Courage isn't the last resort
In the work of life or the game of sport;
It isn't a thing that a man can call
At some future time when he's apt to fall;
If he hasn't it now, he will have it not
When the strain is great and the pace is hot.
For who would strive for a distant goal
Must always have courage within his soul.
Courage isn't a dazzling light
That flashes and passes away from sight;
It's a slow, unwavering, ingrained trait
With the patience to work and the strength to
It's part of a man when his skies are blue,
It's part of him when he has work to do.
The brave man never is freed of it.
He has it when there is no need of it.
Courage was never designed for show;
It isn't a thing that can come and go;
It's written in victory and defeat
And every trial a man may meet.
It's part of his hours, his days and his years,
Back of his smiles and behind his tears.
Courage is more than a daring deed:
It's the breath of life and a strong man's creed.

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Author Unknown

In every twon, in every street,

In nearly every house, you meet

A little imp, who wriggles in

With half a sneer and half a grin,

and climbs upon your rocking chair,

Or creeps upon you anywhere;

And when he gets you very near,

Just whispers something in your ear---

Some rumor of another's shame---

And "Little Hearsay" is his name.

You understand, this little elf

He doesn't say he knows himself,

He doesn't claim it's really true---

He only whispers it to you,

Because he knows you'll go and tell

Some other whisperer as well.

And if he says he's only heard,

Declare you don't believe a word,

And tell him you will not repeat

The silly chatter of the street.

However gossips smile and smirk,

Refuse to do the devil's work.


Old Tradition Based on Good Example
Debra Coe (c) all rights reserved

Most people are aware that the origin of Santa Claus is Saint Nicholas, but many aren't completely aware of who he was and what he represents.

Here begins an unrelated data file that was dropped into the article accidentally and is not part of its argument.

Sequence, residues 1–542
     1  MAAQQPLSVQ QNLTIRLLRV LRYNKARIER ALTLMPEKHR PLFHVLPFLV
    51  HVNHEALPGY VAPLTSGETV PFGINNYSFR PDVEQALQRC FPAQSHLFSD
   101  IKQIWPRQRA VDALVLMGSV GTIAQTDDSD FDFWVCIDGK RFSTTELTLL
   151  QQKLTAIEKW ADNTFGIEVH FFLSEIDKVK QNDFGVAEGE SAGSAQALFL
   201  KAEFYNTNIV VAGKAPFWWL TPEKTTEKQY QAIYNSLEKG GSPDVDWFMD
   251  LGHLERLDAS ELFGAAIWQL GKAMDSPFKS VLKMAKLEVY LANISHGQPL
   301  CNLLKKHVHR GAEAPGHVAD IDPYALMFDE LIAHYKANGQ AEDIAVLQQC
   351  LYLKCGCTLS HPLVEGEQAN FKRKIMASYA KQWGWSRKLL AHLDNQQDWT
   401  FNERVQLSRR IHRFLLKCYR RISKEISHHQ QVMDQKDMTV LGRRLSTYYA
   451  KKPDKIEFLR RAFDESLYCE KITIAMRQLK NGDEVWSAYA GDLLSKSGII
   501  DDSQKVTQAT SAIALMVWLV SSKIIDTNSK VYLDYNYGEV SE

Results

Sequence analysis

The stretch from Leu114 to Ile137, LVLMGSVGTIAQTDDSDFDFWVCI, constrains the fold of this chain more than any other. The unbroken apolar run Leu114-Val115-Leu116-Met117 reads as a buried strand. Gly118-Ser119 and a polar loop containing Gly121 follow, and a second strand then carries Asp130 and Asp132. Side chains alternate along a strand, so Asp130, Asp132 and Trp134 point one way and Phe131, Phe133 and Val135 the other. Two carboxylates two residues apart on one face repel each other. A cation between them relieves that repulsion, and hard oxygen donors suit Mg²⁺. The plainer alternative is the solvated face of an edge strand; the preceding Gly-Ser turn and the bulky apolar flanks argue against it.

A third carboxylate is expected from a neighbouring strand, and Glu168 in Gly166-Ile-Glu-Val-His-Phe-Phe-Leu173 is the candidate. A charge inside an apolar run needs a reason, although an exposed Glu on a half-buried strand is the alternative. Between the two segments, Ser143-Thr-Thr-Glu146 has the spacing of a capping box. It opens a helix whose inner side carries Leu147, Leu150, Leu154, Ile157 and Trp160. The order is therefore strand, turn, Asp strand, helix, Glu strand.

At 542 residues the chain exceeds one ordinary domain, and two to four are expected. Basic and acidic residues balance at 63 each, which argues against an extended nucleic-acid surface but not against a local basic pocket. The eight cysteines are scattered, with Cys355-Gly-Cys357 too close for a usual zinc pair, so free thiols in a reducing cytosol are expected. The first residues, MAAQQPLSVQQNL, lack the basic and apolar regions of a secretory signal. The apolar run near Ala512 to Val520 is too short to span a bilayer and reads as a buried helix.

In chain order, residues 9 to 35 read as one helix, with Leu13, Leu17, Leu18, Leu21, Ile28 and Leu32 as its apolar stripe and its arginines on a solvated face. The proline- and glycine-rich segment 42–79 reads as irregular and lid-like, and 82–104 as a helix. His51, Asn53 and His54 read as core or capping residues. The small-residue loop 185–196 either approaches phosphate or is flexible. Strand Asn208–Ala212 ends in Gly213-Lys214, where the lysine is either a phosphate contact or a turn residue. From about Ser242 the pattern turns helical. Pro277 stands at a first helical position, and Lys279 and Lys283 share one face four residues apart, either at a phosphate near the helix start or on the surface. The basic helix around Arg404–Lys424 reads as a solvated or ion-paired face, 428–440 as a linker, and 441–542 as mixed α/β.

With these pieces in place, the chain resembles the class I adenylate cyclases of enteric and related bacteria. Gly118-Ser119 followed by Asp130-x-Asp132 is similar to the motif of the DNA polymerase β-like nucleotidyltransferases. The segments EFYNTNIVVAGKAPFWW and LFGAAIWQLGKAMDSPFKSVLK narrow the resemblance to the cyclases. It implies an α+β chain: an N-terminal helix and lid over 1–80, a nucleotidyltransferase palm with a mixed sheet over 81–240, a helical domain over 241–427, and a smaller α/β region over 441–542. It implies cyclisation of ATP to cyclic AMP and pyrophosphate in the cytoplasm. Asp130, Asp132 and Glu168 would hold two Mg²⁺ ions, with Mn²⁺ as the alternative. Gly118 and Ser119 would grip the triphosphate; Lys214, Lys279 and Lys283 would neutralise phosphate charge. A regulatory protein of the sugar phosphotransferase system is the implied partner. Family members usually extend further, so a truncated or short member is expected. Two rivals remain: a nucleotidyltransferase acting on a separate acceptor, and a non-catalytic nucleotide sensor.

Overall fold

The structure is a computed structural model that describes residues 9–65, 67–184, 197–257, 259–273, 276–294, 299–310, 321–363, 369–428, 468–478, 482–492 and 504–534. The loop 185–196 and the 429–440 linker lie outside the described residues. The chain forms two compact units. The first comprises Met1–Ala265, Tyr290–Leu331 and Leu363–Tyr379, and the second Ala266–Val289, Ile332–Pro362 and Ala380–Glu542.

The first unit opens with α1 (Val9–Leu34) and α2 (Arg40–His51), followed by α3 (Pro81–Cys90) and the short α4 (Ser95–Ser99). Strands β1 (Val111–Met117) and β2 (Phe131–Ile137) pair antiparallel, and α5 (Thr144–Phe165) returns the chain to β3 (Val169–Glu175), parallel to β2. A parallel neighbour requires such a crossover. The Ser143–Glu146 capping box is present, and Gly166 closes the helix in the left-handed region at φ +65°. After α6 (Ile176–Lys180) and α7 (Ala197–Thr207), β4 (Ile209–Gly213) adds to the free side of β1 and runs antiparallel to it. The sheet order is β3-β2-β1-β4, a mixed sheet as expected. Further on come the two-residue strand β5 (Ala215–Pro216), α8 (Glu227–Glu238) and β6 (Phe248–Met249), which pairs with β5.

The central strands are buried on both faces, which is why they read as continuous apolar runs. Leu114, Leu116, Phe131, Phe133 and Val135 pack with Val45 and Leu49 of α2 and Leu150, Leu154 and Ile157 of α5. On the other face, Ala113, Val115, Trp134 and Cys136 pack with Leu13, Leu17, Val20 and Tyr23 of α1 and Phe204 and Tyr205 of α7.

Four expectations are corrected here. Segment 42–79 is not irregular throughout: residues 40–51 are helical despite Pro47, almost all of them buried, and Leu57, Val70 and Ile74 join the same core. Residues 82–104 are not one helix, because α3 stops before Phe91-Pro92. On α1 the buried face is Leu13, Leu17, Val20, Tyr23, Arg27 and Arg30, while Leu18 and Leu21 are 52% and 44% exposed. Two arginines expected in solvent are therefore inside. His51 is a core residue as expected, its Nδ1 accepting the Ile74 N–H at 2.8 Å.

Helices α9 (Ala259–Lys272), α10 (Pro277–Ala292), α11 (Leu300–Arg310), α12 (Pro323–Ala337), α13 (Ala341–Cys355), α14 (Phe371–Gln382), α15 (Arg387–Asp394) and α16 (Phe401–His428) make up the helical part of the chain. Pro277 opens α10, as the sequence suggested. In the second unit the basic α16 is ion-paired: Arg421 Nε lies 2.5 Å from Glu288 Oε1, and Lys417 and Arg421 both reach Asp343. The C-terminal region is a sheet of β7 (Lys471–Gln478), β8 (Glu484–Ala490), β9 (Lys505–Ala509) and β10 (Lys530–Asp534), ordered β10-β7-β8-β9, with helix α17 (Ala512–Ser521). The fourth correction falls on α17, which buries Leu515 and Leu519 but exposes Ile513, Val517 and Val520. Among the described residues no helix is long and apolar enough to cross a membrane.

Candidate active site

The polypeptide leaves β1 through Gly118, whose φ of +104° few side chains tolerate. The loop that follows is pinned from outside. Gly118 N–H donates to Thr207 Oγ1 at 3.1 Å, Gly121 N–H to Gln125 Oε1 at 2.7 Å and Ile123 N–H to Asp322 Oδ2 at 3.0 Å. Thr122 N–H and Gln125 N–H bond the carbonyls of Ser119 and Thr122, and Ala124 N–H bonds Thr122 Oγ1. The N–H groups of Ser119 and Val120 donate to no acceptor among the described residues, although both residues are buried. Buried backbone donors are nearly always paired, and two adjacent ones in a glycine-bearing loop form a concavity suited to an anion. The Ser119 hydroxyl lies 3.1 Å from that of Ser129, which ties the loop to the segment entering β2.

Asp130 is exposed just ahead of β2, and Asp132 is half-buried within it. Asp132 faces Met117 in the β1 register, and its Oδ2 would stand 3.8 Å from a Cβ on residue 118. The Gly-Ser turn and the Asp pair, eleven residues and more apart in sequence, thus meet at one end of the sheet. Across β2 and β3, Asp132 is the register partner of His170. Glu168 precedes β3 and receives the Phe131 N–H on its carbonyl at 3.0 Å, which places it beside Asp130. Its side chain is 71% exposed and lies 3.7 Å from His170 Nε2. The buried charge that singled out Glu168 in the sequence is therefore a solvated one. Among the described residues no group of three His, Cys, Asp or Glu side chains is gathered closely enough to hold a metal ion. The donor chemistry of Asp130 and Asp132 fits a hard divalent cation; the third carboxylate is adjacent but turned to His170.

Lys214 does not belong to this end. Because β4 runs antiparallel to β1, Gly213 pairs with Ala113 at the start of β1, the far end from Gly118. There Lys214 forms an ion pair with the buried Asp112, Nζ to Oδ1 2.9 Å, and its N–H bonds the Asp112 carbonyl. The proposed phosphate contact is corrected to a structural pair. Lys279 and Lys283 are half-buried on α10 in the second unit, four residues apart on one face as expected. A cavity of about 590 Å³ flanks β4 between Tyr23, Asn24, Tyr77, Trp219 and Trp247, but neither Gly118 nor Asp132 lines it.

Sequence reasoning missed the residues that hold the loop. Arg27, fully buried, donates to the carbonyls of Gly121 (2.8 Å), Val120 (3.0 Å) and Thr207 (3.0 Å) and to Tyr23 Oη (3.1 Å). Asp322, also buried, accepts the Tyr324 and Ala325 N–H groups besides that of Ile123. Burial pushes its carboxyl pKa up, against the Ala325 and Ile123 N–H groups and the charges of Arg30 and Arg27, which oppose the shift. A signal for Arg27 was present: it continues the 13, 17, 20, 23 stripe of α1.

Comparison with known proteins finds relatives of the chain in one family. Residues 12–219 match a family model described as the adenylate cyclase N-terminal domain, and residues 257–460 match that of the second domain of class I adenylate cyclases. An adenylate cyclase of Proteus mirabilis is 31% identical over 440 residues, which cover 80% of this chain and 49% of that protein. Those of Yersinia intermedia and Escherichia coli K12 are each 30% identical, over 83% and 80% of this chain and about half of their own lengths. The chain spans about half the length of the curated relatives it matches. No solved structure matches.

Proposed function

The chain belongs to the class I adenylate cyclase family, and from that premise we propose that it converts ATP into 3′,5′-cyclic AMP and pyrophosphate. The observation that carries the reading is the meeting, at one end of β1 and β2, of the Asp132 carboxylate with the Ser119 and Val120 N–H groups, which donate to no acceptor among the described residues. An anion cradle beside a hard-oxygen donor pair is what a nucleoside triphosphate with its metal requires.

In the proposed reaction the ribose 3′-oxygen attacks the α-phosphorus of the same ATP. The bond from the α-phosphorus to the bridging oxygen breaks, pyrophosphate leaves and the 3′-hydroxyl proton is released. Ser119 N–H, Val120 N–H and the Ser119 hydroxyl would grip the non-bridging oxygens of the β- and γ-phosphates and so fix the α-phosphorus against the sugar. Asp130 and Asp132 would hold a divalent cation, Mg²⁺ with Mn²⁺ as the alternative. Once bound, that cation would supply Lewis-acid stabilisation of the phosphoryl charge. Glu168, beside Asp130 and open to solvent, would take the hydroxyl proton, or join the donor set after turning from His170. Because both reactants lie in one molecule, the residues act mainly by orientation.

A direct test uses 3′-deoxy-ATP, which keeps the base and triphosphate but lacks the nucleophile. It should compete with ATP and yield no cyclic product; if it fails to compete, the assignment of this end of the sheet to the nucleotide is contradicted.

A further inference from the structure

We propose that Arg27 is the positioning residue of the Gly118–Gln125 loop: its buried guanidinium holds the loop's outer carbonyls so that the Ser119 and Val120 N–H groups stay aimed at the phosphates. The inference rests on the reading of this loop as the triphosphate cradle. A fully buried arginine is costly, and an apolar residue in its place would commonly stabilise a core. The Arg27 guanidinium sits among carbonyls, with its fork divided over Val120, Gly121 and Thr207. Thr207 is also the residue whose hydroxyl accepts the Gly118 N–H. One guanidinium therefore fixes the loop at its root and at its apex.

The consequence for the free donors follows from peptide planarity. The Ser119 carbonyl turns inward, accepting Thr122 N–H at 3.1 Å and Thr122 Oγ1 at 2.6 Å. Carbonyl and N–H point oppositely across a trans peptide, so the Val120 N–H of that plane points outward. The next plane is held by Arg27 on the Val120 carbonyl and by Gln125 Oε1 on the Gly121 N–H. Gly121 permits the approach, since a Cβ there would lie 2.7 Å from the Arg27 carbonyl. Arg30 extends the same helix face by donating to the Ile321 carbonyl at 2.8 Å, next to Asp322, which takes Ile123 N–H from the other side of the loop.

Saint Nicholas was a very real person who was born as the only child to wealthy parents around 270 A.D. in what is now Turkey. Upon the death of his parents while he was yet relatively young, he inherited a rather large sum of money. It is said that he was already a religious boy and that soon after the death of his parents, he dedicated his life to serving Jesus Christ.

He became very well known for his love of children and generosity to the poor. His method of giving was generally more in the form of throwing a bag of money into a window, or putting gold coins in the stockings of the needy as they hung out to dry.

There are many legends that go with the type of person St. Nicholas was. One of the better documented accounts of his generosity tells of a family who was starving with no money for food much less money for a dowry so the father could marry off his three daughters. The father was considering sending at least the oldest out to earn money as a prostitute. When the young Nicholas heard of this, he went during the night to a window of the home and threw in a bag of gold coins. In the morning they found the gold; they now had money for food and a dowry as well. The daughter kept her honor.

Because there were two other sisters, the young Nicholas threw in two more bags of coins on two other occasions. By the third time, the father wanted to know who the benefactor was and watched until finally he caught the lad after he threw the third bag of money. It is reported that Nicholas was very upset that someone knew of his acts of charity and made the father promise not to tell anyone who had helped his family.

Eventually he became the bishop of the church in Myra where he was known for more great acts of charity. One legend said that some children were captured by a group pirates that threatened to take the children to be sold as slaves if some large amount of money was not given to them. This bishop is said to have gotten the money himself and given it to the pirates to save the children.

During this period of history, Christians were still being persecuted by the Romans with their infamous cruelties including throwing them to the lions, etc. Although the worst persecution of the Christians had just taken place about 250 A.D. under the reign of Decius Trajan, there had been relative peace in the later part of the century. But in 303 A.D., the last of the great Roman persecutions began. The Roman Emperor Diocletian was persuaded again to suppress the Christian religion. Those who would not give up following the Lord, Jesus Christ, and turn over their sacred books would be either killed or put in prison. Those who went to prison were cruelly tortured.

According to Elder B.H. Roberts in Outlines of Ecclesiastical History, page 128: "The constancy of all the Christians, no, not even that of all the their bishops and clergy, was equal to this trial, and many voluntarily surrendered the sacred writings in their possession to save themselves from punishment and death."